I had been waiting for the end of Wall Street. The outrageous bonuses, the slender returns to shareholders, the never-ending scandals, the bursting of the internet bubble, the crisis following the collapse of Long-Term Capital Management: Over and over again, the big Wall Street investment banks would be, in some narrow way, discredited. Yet they just kept on growing, along with the sums of money that they doled out to 26-year-olds to perform tasks of no obvious social utility. The rebellion by American youth against the money culture never happened. Why bother to overturn your parents’ world when you can buy it, slice it up into tranches, and sell off the pieces? At some point, I gave up waiting for the end. There was no scandal or reversal, I assumed, that could sink the system. Michael Lewis “The End”
This exact quote could almost describe the state of the Postmodern Art World. Why? There has been no rebellion, no reconsideration, no thinking about the recent past in any form – Just unequivocal acceptance and slavish following of POMO’s theoretical stance. But things have changed exponentially in the last few months. The stock market has, for all intents and purposes, crashed. Not all at once, but over the last year we have watched it fall six thousand points or more. The market’s highs last year were in the mid 14000s, today, we are in the mid 8 thousands, and we are threatened with it falling further to nearly half of its former value. If you think this has no bearing on the value of art AND artists – you are sorely mistaken.
Economically we’ve experienced one bubble after another and in this year alone we saw the deflation and depreciation of real estate, financial institutions and commodities (like the hedge fund run on oil and food staples over the summer.) We’ve seen it in our own art world with the recent deflation and depreciation of the auction houses, art fairs, and the reputations of many currently hot artists. The last amazingly OTT moment for inflated money in the art world was the Damien Hirst auction in September. If ever there was a manufactured bubble in the culture markets surely this “straight to auction” moment was it. The press surrounding this fire sale of warehoused product was immaculate, and the hype went off without a hitch. The principals walked away with millions – I’m not sure I believe the inflated figures – but they certainly cleaned up.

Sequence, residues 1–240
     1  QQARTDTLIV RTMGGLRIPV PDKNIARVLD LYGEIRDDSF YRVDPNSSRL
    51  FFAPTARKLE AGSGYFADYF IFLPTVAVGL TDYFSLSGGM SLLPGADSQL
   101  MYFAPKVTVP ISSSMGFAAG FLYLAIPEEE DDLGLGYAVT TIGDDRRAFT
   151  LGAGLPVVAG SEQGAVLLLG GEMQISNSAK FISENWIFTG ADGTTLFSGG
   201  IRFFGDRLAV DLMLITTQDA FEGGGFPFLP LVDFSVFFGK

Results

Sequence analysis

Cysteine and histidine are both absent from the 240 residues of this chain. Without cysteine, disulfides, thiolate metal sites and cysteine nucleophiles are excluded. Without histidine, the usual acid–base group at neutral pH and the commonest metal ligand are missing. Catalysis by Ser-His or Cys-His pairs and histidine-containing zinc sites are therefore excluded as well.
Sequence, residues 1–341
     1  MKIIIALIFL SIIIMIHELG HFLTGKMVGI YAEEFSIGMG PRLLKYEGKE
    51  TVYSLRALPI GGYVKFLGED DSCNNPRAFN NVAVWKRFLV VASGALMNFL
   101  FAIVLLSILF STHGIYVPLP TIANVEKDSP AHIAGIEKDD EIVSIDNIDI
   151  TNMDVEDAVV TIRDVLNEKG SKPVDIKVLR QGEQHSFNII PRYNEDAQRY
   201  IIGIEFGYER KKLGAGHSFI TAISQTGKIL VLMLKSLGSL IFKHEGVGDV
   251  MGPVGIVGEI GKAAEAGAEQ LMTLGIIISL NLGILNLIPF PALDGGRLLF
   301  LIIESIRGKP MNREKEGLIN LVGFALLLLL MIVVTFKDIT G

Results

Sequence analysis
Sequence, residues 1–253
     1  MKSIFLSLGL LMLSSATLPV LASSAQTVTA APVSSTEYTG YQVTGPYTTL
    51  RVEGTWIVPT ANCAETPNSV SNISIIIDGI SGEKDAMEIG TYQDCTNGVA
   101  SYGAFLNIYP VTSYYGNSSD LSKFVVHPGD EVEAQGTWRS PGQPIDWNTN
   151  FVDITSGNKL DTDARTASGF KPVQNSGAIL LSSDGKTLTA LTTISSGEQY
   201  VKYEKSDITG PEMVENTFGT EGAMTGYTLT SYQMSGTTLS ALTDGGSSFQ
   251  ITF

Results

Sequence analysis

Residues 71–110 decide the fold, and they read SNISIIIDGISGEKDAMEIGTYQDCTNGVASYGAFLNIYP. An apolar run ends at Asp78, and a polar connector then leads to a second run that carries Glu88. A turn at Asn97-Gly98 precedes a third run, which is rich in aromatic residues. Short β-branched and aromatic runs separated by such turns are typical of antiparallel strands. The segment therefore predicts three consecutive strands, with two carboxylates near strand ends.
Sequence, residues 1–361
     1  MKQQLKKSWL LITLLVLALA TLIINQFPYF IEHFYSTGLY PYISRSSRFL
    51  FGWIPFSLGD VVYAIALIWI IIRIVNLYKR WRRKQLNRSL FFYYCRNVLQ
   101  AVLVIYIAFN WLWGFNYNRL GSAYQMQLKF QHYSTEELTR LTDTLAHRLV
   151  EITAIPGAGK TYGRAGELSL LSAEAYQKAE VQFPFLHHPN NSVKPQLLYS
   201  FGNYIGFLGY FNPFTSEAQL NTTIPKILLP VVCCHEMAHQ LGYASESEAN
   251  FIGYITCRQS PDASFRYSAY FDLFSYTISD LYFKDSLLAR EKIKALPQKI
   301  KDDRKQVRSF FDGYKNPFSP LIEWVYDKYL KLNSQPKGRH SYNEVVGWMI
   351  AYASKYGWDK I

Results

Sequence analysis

The “art” that was sold had little to offer aesthetically – there were no new ideas from Damien – it was basically the spinning out of tried and true art product under a brand name. But the artistic victory, the critical victory, was in the fact that “art” in the hands of a truly branded and successful artist, could in fact, be sold as nothing more than a desirable prestige commodity, like a gulf stream or a house in Palm Beach. Additionally, the amazing and radical part of the hype surrounding the pre-sale were the comments by the artist himself. He stated that he would not be creating any more of these types of works – this was it. The perception he created was one of a determined and enforced scarcity. It was a conceptual tour-de-force of the soft sell at work, and it put to rest the idea, forever, that art was an elite, avant garde activity. With one press release Hirst managed to bring to an end the old idea of High Culture by integrating its historical machinations into our everyday existences. Unlike the intellectuals of the 50s who dreamed of an “artless” culture where art would be lived everyday by the populace, Hirst and the Postmoderns dream of a business culture where the business would be lived and practiced by the artists. Up is the new down!
Perceived scarcity creates hype and bubbles. And it is the perception of those bubbles that is the calling card of the elite classes of all stripe in the 21st century. Perceptions are the life blood of the media, they are the focus of society, and they are the endgame of Postmodern theoretics. Perception is, for all intents and purposes, the power guiding the new electronic media. How we perceive or how we are perceived is the ultimate game, and it’s being played out before our eyes, through the screens and lenses that proliferate our myopic world. It is this manipulation of the endgame that leaves us breathless and desirous as we chase after the feigned scarcities of fame, fortune and history. Bubble culture is about these perceptions and manipulations. And it sings to our ego centered souls. However, we are not tethered to the mast nor are we deaf to the the siren song that drives us mad with desire. We artists have crashed on the rocks, done in by our outsized “business” ambitions.
In the new year we will continue the Popular Culture series examining the machinations behind the scenes as we have been. Our first in depth series will begin in January with a discussion by artists relating to the difference between Style and Brand and how fame or recognition can drive those two very different approaches to making art. Stay Tuned! Exciting Times Lie Ahead!